The content team started with suggestions from Kaufman but expanded the topics to include additional lessons that had not been initially considered. They wrote content at a reading level that would be accessible to any client. AP Smith, who was on the content team, said that, because many college students find themselves in the position of living independently for the first time, she learned a few things herself.
“The financial section and auto section were ones that required a little more of ‘maybe I need to figure this out myself, too,’ which is good because I’m about to graduate and hopefully have a job, so I’m going to need to know how to budget, too,” Smith said.
Berry, who is pursuing a double major in psychology and strategic communication, said she loves making art but doesn’t have much time to do that because of her classes. She and others on the design and layout team made more than 127 different illustrations for the book using their laptops, iPads checked out from the library, and new-to-them software. Berry also enjoyed learning about bookmaking basics and working toward a common goal with her classmates.
While the content and design teams worked on producing the book, the fundraising team researched printing options and figured out how to pay for it. They employed several fundraising methods, including partnering with Lexington businesses Blue Sky Bakery, Pronto Gelateria and Tonic Restaurant on special deals for which a percentage of the profits went to the book. They also promoted the campaign on social media and sent letters to potential donors in the community.
“There’s always the classic route of sending a letter to ask for a donation,” Monroe said, “but if you can get more people involved, it feels like a bigger contribution from the community and the school. You can get a lot of little donations and support from a multitude of people by being more creative with your options.”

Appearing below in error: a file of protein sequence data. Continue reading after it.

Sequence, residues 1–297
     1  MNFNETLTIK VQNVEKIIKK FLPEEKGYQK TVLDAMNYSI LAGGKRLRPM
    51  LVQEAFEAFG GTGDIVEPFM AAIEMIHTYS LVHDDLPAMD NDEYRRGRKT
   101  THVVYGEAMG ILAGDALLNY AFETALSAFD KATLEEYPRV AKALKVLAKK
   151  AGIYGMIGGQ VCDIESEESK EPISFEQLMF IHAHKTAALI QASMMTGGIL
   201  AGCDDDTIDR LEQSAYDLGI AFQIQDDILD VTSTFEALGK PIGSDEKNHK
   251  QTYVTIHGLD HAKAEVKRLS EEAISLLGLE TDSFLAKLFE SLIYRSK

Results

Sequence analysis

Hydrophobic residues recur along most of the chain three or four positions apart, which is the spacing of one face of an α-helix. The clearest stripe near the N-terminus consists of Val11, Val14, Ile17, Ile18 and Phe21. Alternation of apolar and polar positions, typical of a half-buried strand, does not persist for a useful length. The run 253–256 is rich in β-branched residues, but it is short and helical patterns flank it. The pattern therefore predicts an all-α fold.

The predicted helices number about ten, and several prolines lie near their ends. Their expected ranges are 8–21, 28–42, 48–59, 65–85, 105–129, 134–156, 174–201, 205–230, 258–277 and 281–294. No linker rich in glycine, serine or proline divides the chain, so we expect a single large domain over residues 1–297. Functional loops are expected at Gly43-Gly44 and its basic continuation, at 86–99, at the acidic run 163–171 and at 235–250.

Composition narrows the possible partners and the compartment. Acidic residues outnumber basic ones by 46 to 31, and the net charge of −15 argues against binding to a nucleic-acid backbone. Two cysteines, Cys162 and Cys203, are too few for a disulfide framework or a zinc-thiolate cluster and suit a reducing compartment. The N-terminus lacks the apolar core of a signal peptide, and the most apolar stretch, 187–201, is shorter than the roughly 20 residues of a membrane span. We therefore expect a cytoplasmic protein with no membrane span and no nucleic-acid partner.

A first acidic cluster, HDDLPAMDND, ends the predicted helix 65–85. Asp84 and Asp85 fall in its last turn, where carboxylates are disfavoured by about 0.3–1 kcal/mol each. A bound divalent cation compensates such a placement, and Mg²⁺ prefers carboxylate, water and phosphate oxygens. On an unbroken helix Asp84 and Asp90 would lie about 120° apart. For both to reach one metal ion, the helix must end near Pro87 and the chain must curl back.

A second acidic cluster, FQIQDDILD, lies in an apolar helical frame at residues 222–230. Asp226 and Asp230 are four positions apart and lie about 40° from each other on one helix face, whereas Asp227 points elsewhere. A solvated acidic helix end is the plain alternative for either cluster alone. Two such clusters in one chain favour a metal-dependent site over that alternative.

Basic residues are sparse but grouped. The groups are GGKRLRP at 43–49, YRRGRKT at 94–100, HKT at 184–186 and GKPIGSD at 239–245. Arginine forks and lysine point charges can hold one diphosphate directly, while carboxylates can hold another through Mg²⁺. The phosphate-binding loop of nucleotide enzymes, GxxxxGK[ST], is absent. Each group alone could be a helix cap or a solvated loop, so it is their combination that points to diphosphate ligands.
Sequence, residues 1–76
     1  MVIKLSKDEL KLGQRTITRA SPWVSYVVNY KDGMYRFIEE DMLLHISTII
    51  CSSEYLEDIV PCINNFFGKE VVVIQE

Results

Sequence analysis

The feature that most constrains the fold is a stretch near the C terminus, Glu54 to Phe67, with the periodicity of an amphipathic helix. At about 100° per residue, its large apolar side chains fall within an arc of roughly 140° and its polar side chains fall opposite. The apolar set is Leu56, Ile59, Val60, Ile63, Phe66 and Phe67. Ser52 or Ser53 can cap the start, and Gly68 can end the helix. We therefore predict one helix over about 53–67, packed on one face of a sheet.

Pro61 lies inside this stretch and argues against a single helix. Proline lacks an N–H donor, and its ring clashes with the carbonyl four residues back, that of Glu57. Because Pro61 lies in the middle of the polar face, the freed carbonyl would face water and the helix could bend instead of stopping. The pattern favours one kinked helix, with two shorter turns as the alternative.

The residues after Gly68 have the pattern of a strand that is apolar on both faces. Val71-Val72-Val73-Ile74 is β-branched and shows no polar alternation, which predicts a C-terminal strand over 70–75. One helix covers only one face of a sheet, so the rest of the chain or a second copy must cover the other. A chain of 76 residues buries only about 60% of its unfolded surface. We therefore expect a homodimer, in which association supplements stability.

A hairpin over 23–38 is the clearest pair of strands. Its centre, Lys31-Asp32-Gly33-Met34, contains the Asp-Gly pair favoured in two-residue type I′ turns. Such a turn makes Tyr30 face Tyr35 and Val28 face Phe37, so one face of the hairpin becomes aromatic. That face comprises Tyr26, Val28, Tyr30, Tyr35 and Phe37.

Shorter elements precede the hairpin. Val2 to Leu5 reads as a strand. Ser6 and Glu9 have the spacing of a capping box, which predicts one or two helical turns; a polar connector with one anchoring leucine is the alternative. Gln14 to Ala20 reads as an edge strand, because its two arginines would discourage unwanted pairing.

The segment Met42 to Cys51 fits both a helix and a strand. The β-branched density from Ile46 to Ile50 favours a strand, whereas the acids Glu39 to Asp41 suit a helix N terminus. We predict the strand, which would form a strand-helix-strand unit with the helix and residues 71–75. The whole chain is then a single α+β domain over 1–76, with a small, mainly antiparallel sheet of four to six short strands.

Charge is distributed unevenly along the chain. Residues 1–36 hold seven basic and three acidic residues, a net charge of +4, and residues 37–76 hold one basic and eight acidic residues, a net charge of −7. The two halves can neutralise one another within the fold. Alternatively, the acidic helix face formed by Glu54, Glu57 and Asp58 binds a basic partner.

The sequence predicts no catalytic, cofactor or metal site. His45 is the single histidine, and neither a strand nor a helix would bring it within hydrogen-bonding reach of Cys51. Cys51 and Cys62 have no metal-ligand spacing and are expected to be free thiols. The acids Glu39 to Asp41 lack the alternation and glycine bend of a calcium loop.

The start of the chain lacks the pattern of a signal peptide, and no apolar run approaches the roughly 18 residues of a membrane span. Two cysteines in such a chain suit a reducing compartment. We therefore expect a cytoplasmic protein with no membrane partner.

The fundraising team’s goal was $650, which, at $7.50 per book, would allow them to print about 85 books. Several weeks before the end of term, they had already raised more than enough to print the books and pay for shipping, with a bit left over to donate directly to Project Horizon.
The entire class carpooled to Project Horizon on Nov. 12 to deliver the books, and everyone saw the finished product for the first time. Kaufman considers the project a success and looks forward to sharing the books with clients.
“I wasn’t sure how daunting this project would be for the students, but I was impressed. I couldn’t believe that they took something we’ve been working on for a while and truly expanded on it, including things I would never have thought of including,” Kaufman said. “They really went above and beyond what I was expecting them to do, and they are just so hardworking. They took the information I gave them and used it to make a wonderful book that’s really going to enhance the lives of the people I work with.”
For the students, the project greatly enhanced the lessons they learned in the class, but it was also personally fulfilling.
“I’ve been challenged and learned to do things I’ve never done before, so it’s been a great learning experience,” Berry said, “And it is an amazing cause. It feels like we’re doing really important work, so I’m proud of that.”
This article has been edited slightly from the original version appearing on the Washington and Lee University website.